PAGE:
So Pike Logan and Jennifer Cahill, two civilian members of the Taskforce who operate an archaeological/historical items research and recovery service as their cover, decide to take on a job proposed by two Israeli secret agents with whom they've worked in the past. The job is simple: Help provide a cover story while the agents verify the authenticity of a medieval Torah scroll thought lost in the Holocaust. But the Israeli agents had a backup mission, and the Torah scroll is also on the shopping list of a shady Russian oligarch trying to stay one step ahead of the ruthless Vladimir Putin. His method? Destabilize U.S.-Russian relations to the degree that the two nations actually threaten war, which will cause other oligarchs to band together and oust the Russian leader. But he's more successful than he thought he would be and now war looks like more than a threat -- and Pike and Jennifer are right in the middle of it.

Even though the scale of the threat outweighs just about anything he's done with Pike and the Taskforce to date, the scope of the book remains smaller. Taylor writes most of his story around Pike and Jennifer as well as Aaron and Shoshana, the Israeli team. While the Taskforce pair still have some wrinkles in their relationship, they are Ozzie and Harriet compared to the Israelis -- but the latter want to navigate their way into a relationship they both desire but don't know how to create. The presence of someone from Shoshana's past doesn't help them at all.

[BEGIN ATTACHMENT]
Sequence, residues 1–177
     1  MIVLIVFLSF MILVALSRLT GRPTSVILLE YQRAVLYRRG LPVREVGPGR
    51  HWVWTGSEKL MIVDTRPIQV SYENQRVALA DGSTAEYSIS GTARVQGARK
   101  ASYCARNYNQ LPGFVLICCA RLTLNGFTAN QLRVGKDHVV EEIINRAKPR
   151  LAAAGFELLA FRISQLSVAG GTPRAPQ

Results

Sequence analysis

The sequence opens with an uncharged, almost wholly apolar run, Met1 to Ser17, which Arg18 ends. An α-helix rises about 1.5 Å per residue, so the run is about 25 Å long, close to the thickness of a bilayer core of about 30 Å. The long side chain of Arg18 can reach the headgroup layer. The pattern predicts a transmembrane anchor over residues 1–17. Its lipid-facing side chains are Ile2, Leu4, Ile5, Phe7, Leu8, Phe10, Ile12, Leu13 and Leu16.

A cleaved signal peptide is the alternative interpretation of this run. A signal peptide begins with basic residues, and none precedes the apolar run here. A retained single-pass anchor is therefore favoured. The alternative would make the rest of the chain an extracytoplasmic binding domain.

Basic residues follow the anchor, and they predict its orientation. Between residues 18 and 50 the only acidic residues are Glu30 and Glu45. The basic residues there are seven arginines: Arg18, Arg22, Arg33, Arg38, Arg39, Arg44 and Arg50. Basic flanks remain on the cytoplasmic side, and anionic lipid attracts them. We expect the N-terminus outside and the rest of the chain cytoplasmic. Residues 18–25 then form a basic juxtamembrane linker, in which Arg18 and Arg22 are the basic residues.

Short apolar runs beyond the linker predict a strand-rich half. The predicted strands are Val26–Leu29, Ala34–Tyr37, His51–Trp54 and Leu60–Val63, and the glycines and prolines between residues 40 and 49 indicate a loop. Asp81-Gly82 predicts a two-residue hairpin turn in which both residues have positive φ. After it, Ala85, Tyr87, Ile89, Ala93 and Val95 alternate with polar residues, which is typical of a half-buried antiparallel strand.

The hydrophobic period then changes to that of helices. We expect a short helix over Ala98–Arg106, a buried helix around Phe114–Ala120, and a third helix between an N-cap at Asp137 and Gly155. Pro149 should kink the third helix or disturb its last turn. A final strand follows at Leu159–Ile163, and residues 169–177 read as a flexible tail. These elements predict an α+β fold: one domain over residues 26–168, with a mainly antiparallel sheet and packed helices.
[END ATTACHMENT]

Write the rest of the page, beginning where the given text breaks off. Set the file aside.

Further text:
Taylor gets credit for trying, as usual, to examine some of the real-world consequences -- political and personal -- of an agency that operates in explicit denial of the ideals and laws of the nation it wants to protect. He's less successful at exploring the relationship waters that the two pairs of agents and lovers are trying to navigate. He gets where he wants to go, but lacks the finesse that could tighten up and bring a shine to this part of his story. Still, he's offering a quick-paced action yarn where heroes act heroically, banter a bit and take care of the business at hand. And he's doing it with enough skill and nuance to stand out from the crowded shelves of similar yarns that leave a lot to be desired.